First of all, everyone immediately drew an analogy with the bankruptcy of Lehman Brothers in 2008 and what it ultimately led to. The pain of the subprime mortgage crisis has not subsided yet, and Evergrande, as luck would have it, is a real estate giant. Secondly, everyone remembered that the US hedge fund BlackRock is the largest lender of the Chinese company. Evergrande owes about $400 mln to it. The Chinese property giant also owes $275 mln to the Swiss UBS Group, about $200 mln to the British HSBC, and $430 mln to the Ashmore group. Thirdly, one of the main reasons is that the markets are susceptible to negative news, which is now more of a psychological problem than an economic one.
Hence, we can conclude that the markets now will react especially sharply to literally anything. Understanding this, central banks and their heads will try to soften the blow in every possible way, which makes us think about the second possible scenario.
Scenario 2. Gradual Drawdown
Pay your attention to the central bank heads’ rhetoric. In a nutshell, this is what they say:
- Is the inflation rate increasing?
- Yes, it is.
- Is the unemployment rate declining?
- Yes, it is.
- Is it time we stopped injecting liquidity?
- It’s hard to say. Maybe it is.
There is no definite answer to the question of when the tapering starts and the transition to a tighter policy begins. We can, however, say with certainty that the rhetoric of the monetary authorities is gradually becoming restrictive.
Analytical agencies used to make predictions about the tightening of monetary policy in the long term. Today, more and more experts say that tightening will begin in the next six months to a year. According to the surveys conducted by CNBC, BBG, and RTRS, the Fed will already hint at the beginning of reining in its emergency stimulus measures at the November meeting.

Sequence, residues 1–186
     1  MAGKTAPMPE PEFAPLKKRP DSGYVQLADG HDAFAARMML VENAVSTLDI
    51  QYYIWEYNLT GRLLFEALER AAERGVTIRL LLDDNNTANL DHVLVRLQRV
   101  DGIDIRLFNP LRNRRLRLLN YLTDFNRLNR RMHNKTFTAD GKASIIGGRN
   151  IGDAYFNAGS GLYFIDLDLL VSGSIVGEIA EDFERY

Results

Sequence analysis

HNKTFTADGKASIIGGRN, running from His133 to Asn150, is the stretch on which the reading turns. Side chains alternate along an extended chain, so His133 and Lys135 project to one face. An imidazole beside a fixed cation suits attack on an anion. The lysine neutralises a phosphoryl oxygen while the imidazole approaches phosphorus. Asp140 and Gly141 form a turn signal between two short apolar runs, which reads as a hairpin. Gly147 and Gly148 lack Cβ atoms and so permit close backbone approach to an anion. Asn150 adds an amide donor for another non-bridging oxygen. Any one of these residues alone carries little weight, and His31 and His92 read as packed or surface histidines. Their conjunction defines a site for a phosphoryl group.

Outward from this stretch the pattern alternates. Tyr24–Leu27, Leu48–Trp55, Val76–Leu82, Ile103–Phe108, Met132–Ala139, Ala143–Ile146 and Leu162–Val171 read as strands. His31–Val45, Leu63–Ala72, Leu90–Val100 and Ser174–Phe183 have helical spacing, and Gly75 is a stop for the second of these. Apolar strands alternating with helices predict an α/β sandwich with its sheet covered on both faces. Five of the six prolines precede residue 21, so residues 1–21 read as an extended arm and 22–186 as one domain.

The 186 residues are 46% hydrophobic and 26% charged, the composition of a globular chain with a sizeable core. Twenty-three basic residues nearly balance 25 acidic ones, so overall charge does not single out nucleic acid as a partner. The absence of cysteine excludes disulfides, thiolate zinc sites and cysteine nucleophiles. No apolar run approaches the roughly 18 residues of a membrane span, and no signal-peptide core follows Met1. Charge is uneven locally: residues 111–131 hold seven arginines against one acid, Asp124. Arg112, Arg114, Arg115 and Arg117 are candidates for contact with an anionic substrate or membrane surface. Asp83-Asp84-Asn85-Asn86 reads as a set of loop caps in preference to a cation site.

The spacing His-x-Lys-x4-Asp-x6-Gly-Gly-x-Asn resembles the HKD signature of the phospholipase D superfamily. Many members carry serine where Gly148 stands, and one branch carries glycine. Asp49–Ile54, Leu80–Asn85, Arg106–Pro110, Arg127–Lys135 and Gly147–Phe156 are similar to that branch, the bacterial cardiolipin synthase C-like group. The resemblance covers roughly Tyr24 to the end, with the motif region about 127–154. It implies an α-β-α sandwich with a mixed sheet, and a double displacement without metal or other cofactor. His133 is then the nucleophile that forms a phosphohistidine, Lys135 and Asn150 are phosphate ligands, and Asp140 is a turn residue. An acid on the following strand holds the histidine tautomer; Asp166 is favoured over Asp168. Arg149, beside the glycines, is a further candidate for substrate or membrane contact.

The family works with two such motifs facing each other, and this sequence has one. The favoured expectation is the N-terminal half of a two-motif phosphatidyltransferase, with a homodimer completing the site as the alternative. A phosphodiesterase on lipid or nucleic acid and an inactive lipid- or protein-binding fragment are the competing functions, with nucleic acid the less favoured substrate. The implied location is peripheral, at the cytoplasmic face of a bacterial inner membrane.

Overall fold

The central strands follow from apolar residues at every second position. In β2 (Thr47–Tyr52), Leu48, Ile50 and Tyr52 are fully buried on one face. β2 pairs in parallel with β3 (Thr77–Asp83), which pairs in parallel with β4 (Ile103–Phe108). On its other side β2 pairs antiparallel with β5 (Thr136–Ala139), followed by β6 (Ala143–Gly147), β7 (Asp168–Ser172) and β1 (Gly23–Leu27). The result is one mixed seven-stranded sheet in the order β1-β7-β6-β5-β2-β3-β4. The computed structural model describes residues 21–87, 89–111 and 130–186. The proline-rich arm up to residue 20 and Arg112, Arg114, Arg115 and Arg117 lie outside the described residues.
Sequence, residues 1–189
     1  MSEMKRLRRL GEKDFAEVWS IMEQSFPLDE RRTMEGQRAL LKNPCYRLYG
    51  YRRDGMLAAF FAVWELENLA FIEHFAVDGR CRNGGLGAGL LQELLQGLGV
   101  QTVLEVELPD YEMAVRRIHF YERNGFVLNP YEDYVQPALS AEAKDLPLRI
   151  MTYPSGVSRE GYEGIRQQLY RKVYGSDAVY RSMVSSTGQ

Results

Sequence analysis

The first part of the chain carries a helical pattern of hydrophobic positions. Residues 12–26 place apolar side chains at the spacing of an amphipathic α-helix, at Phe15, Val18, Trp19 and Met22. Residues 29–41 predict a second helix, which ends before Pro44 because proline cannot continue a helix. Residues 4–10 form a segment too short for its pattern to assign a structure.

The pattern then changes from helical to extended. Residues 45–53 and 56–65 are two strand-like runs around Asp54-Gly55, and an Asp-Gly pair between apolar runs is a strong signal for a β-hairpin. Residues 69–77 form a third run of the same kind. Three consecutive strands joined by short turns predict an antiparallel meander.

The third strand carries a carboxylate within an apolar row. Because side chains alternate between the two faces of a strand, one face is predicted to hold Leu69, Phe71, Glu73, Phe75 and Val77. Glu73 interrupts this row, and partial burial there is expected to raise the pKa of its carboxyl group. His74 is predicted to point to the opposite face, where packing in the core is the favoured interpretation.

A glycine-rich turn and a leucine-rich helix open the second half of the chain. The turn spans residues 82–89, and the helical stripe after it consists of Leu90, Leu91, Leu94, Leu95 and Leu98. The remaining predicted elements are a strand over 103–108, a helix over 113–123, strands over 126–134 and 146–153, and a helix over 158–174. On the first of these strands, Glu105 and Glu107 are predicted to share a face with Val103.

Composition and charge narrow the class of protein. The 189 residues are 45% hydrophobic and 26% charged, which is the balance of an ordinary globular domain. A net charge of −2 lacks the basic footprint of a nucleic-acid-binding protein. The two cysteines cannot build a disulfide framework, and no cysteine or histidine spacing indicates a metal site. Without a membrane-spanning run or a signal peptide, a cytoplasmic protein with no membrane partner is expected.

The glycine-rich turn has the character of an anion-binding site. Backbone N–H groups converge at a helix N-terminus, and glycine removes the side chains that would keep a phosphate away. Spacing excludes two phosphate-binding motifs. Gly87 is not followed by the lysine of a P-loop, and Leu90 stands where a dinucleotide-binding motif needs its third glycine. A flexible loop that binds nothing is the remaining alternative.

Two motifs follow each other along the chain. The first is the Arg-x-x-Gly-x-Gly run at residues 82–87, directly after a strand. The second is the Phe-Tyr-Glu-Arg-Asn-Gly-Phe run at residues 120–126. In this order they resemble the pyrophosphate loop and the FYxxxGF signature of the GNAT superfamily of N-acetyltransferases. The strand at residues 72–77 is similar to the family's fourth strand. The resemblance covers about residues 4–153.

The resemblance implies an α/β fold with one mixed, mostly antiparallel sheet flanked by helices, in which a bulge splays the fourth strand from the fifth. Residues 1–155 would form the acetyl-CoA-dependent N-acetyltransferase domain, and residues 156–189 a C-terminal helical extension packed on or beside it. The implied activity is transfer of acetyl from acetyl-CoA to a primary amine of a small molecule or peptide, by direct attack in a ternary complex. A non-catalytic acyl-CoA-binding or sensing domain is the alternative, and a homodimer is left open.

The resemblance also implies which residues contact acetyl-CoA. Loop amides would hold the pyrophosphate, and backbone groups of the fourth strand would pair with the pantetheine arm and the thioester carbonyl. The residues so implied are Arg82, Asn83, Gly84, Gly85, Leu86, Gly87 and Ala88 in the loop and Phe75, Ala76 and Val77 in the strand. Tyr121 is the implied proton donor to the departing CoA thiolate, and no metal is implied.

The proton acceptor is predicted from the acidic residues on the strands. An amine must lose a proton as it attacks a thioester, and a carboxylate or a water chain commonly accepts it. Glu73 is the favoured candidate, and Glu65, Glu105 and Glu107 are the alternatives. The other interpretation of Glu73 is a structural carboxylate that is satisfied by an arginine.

This is how the Fed and other central banks are trying to set up a gradual drawdown of the markets, which can be called a “technical correction” of 20-25 percent. Such a correction would solve two key problems:
It can help reduce the market overheating
At the end of the first half of the year, the US GDP capital-output ratio (the ratio of market capitalization to nominal GDP) is about 200%. A similar situation is observed in all the other developed economies.
Remember that about 60% of the US households are members of the 401(K) program. That is to say, they are investing in the stock market through a retirement plan. Thus, a repetition of the year 2008 scenario is not the best option for the Fed.
The drawdown should be as smooth as possible, and the ideal option would be to do without it altogether.
Scenario 3. Optimistic View
Supporters of this scenario also have their own rather weighty arguments. Let’s take a look at the situation with the FAANG stock. The average P/E ratio of Facebook, Apple, Amazon, Netflix, and Google is 41.46, which means that the payback period for these securities exceeds 40 years on average. However, the interesting point is that the P/E ratios of almost all these companies have remained relatively high over the last five years.
As you can see, only Apple’s P/E is close to its extreme values. Other US giants have no such problem.
It confirms the rule that there is nothing special about growth companies’ key stock multiplier P/E ratio being quite high. As a consequence, supporters of the optimistic scenario point out that market overheating is nothing but a myth. Moreover, there is an opinion that large market participants intentionally create a negative external background in order to add “cheap” shares to their portfolios.
All three scenarios have a right to exist, and it’s up to you to decide which one you should make use of. Common sense says the first and second scenarios are more likely to occur because a crisis is always a time of opportunity, and a deep crisis (scenario 1) is a time of great opportunity.
A stock market drop of 40-50% would provide an opportunity to add cheaper securities to your portfolio and make a decent profit once the restrictive monetary cycle is over. The only important thing is to have cash on hand when you might need it. The Olymp Trade platform offers its Stock Price Trade mode to those who would like to invest in cheap securities without paying fees for opening a position.